|Randy joined the co-op staff in August 2010 and has served as a Cashier, Customer Service Assistant and Night Shift Manager, in addition to lending his considerable handyperson skills to numerous store projects over the years.
Randy states, “Upon reflection at the end of my thirteen years at Three Rivers Market, it almost parallels how my work life began. Although the present conditions of our times are different, the common similarity to my past has much to do with our community.
I became employed at the age of sixteen at a store where my father was employed as a butcher, very similar in size to TRM. The town of Arnold, Missouri, was just south of St. Louis, and was surrounded by farming communities, mostly German. My father, Louis Arnold, was well known in that community partly because the town was named after his grandparents, but also, he developed a reputation as the town butcher and knew many of the people and their families who had emigrated to this community. The majority of people who shopped there were hard working middle class people, teachers, skilled trade people, firemen, many who would seek Louie’s expertise, or just share what was happening with their families.
My father’s social proclivities are innately indelible in my DNA when I think about the people I encounter each day, whether local or just passing through town. This is a very humbling experience, to get a window into humanity and try to understand what others have to offer and empathize with what they go through. My father passed away a couple years ago, but those memories of his engagement with his community have left me with a sense of purpose and significance that this store is to its community.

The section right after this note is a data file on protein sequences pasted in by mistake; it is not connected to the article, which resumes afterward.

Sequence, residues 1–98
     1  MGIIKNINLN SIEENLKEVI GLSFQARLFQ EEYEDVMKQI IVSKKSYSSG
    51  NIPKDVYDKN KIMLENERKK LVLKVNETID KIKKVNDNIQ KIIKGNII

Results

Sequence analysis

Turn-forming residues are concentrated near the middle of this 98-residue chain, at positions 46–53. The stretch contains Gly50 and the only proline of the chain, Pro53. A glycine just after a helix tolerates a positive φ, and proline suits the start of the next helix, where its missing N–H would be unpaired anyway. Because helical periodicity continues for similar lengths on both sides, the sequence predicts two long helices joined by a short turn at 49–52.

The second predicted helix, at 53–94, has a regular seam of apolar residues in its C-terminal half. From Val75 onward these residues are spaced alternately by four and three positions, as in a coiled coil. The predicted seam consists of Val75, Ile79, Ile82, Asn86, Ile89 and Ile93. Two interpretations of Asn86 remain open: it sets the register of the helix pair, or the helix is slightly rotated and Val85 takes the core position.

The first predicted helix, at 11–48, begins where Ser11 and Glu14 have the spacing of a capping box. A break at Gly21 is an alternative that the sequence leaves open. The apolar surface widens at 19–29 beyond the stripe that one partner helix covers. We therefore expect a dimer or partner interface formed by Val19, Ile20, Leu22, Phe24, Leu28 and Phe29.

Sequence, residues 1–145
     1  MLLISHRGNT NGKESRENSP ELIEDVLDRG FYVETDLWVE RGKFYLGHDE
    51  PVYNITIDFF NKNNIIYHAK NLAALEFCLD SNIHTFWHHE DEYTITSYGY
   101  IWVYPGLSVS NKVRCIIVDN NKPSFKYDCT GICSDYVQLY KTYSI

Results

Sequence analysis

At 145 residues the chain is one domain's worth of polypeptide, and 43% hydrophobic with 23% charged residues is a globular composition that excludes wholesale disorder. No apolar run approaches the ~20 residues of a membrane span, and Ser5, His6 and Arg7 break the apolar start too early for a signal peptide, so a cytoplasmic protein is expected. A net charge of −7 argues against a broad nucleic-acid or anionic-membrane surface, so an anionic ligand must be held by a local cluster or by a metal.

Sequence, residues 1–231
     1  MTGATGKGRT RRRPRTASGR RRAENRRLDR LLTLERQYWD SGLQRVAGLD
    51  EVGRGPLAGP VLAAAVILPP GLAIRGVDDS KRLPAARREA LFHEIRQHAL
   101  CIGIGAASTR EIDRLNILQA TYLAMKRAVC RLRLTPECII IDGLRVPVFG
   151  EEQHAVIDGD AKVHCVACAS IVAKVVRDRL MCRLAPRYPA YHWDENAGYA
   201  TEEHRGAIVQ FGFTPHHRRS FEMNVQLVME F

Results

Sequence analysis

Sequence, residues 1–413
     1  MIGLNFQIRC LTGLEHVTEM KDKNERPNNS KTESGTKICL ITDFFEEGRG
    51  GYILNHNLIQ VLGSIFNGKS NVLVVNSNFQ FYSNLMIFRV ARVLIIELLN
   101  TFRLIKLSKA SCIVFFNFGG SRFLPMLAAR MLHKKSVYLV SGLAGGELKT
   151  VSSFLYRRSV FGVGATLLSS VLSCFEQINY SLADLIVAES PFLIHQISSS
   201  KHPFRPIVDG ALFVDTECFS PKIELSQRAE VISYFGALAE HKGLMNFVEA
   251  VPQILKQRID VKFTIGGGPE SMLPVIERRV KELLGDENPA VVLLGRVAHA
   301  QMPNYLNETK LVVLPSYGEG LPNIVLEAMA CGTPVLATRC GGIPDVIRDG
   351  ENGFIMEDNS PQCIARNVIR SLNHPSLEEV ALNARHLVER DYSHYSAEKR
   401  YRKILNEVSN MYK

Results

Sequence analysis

Eventually, the “Tom Boy” store went out of business because they could not compete with the large box stores. My mom and dad, who took ownership of that store to finish their retirement, sold off what they had, so that they could cover the debts to their vendors. When I go back to Arnold, I occasionally see local produce at some of the small markets who have survived and am reminded of the produce I would pick at Burchard’s Farm that would be in the case of my family’s store. As I move into the next phase of my life, I look forward to seeing what the next generation of local entrepreneurs, and skilled employees bring to Three Rivers Market.
While I will be retiring, I look forward to seeing my friends around town. Occasionally, I have run into my former drawing students from Pellissippi State at TRM, and some of our customers when playing at the blues music jams at the old Three Rivers Market location, “Ale’ Rae’s”. We have a great community, and I am grateful to have a part in it.”